Some Thoughts For and About the Kerry Campaign, VI

Column No. 25 By Steven Jonas, MD, MPH - August 12, 2004

Note to the reader: This is now the last of the series of columns that I prepared before I left on a three-week vacation trip to Japan in July. The Democratic National Convention has now of course concluded, quite successfully by most accounts (except those of angry left-wingers who do not realize that the enemy now is Bush, not right-wing Democrats.  If we are going to have the luxury of engaging in policy debates at all, and have the privilege of being to wrest control of the Democratic Party once and for all from the Democratic rightists, first we have to make sure that open fascism, brought by the Georgites, does not devour the Constitution and make the whole subject moot.)

This column is thus the last in the series that has been devoted to what are primarily campaign matters, rather than the more historical and theoretical issues I usually deal with.  It is possible that some of what I have said here has been overtaken by events.  But hopefully, whether or not that happens, you will find these thoughts to be of use as our attention turns to the principal challenge facing the pro-democracy forces, not in Iraq, but here at home: how to defeat George Bush and assure the election of John Kerry.

I should note that some of these thoughts have appeared in one form or another in past columns.  If that be the case, obviously I like them a lot.  So please bear with me.

Bush's International “Achievement”

One of the amazing aspects of Bush policy and Bush himself is that they have achieved something that no previous American President has come close to: receiving almost universal condemnation from both governments (to a greater or lesser extent depending upon their state of dependency on the US) and people from around the world.

On Dealing With Terrorism and the Georgite Approach to It

I previously quoted UN Secretary General Kofi Annan on "Terrorism," at some length.  Here is an excerpt from that quote: "Important and urgent questions are being asked about the collateral damage from the 'war on terrorism' -- damage to the presumption of innocence, to precious human rights, to the rule of law and to the very fabric of democratic governance.... There is a danger that, in pursuit of security, we end up sacrificing crucial liberties, thereby weakening our common security, not strengthening it, and thereby corroding the vessel of democratic government from within....”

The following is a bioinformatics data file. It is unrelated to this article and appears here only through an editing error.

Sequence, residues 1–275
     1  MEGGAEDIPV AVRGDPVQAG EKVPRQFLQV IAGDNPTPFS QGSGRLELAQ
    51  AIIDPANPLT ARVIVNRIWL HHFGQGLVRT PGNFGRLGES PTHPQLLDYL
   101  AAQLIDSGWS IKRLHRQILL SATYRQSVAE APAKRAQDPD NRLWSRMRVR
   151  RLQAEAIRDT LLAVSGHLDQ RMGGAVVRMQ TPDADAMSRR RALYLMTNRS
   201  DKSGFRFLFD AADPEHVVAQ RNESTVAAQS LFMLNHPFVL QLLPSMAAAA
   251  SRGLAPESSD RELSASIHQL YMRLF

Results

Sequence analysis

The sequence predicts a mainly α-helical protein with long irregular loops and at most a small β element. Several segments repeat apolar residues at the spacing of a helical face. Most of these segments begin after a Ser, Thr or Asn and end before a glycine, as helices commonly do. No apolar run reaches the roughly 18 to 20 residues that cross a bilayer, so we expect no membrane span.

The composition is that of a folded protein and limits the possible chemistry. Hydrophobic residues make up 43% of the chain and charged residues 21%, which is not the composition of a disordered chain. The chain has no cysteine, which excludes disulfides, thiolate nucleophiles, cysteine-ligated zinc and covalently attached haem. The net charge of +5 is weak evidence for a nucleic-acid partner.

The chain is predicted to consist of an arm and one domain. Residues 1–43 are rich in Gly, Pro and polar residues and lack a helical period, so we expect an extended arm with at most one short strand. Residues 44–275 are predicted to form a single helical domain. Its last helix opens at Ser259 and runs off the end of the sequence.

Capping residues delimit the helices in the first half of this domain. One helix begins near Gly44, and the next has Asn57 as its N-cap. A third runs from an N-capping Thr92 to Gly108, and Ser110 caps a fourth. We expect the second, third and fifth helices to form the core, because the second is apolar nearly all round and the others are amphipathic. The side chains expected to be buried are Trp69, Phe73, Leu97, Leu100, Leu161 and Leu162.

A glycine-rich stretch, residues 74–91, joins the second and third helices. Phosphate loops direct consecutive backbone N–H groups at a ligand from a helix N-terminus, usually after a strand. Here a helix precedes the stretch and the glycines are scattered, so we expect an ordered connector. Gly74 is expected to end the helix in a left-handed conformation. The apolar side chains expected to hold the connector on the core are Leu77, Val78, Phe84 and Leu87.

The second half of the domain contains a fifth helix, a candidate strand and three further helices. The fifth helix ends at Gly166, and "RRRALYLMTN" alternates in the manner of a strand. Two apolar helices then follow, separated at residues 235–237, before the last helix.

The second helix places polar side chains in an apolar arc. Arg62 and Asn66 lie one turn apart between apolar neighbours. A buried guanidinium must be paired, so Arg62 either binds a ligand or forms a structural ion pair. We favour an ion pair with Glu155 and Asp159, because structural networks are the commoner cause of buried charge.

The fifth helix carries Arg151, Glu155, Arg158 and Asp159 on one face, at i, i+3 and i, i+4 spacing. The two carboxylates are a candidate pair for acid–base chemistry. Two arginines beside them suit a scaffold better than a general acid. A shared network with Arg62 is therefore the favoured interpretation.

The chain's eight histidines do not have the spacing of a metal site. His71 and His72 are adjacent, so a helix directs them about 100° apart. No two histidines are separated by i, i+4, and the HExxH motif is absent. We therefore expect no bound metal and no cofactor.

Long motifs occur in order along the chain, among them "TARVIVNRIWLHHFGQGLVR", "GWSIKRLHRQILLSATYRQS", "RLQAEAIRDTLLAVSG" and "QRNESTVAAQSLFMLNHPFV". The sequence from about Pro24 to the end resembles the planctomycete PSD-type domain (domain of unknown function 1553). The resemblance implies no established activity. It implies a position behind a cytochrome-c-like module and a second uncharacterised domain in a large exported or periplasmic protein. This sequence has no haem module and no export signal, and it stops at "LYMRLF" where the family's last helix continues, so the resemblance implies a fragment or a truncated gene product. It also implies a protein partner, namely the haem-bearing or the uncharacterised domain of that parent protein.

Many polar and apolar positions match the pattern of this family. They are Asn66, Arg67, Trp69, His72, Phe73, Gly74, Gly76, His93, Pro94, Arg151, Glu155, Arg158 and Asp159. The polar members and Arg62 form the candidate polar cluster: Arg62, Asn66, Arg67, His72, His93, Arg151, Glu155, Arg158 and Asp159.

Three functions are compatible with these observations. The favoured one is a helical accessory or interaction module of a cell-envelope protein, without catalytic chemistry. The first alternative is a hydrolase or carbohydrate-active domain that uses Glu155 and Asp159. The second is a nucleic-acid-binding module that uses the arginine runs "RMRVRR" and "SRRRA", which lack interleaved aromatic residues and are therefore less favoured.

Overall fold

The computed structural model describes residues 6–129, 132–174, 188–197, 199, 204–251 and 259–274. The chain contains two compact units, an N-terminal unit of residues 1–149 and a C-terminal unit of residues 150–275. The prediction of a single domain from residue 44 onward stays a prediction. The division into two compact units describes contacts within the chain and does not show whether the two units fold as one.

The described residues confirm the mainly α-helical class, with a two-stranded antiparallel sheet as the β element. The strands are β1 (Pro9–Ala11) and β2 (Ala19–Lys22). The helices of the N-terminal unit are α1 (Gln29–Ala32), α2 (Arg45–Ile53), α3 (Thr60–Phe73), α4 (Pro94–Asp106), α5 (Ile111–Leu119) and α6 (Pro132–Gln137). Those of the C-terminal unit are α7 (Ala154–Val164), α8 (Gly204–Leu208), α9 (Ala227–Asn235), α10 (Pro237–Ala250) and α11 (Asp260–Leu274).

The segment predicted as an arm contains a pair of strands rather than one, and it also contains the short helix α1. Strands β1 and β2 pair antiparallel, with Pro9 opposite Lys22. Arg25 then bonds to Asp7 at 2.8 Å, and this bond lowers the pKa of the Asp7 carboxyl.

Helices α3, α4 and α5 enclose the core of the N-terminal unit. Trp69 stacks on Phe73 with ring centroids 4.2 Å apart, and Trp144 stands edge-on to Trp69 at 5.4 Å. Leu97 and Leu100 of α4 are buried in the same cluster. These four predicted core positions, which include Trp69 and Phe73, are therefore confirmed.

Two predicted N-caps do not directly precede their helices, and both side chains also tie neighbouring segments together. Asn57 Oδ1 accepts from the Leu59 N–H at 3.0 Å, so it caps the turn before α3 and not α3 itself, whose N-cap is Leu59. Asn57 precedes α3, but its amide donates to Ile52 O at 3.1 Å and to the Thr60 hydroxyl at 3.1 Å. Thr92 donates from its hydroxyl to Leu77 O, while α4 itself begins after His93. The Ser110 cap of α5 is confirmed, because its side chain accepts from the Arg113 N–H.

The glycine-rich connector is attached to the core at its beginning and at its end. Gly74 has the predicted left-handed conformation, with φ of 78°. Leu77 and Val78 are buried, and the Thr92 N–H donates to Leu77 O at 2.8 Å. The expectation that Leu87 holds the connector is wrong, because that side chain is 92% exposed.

What has happened to civil liberties, in Iraq itself since the first heady days following the ouster of the Saddam Hussein regime and in our country, of course, speaks volumes to the Secretary General’s concerns.

And then consider that: “The State Department’s top counter terrorism expert, J. Cofer Black, recently acknowledged that the [Iraq] war has created exactly that which it was launched to prevent [sic] – greater cooperation between Al Qaeda and other jihadist groups in the Middle East” (Ted Widmer, review of Bob Woodward’s Plan of Attack, New York Times Book Review, May 9, 2004).

Further, Georgite policy has actually managed to create in Iraq a new, non-al Qaeda terrorist grouping that did not previously exist: the Taliban/Wahhabist organization bent on Jihad led by the newly emerged Abu Mousab a-Zarqawi (see Michael Ware, “Meet the New Jihad,” Time, July 5, 2004, p. 24).  Quite a Georgite achievement, at a cost of $200 billion, and counting, 928 American and countless Iraqi lives, and counting, and the long-term potential wrecking of the American economy, an event which, were it to occur, would not do much to help the world’s economy either, come to think of it.

On the Religion Issue

The Georgites and their journalistic allies like David Brooks of the New York Times are going about setting a "religion trap" for Kerry.  Let's hope that he doesn't fall into it.  The Georgites would like nothing better than to see him suddenly become "religious" in the way they prescribe (a way, by the way, that many of the Georgite leadership doesn't itself practice.  I wonder when Cheney or Rumsfeld last went to church, and I wonder if the totally amoral Wolfowitz even believes in God.)  The whole point about religion in the US, for most of us, believers or not, is that we observe in our own way, not some prescribed way as the Christian Right would have it.

Kerry happens to be a practicing Catholic who happens to take communion.  You can't be more of a believer than that, even if, like many, many Catholics in the US, he doesn't buy certain Church teachings on matters relating to sex and procreation.  I'm sure his approach will sit just fine with his voters and potential voters of a religious persuasion other than Christian Rightist.  Speaking as a secular humanistic Jew, I find Kerry's religiosity genuine and, therefore, not a turnoff in any way. To do something false would alienate many genuinely religious voters, to be sure, as well as turn off many other potential voters who don't worry about religion but would like a President whose principal foci are jobs, peace, and the preservation of Constitution Democracy (as well as the environment).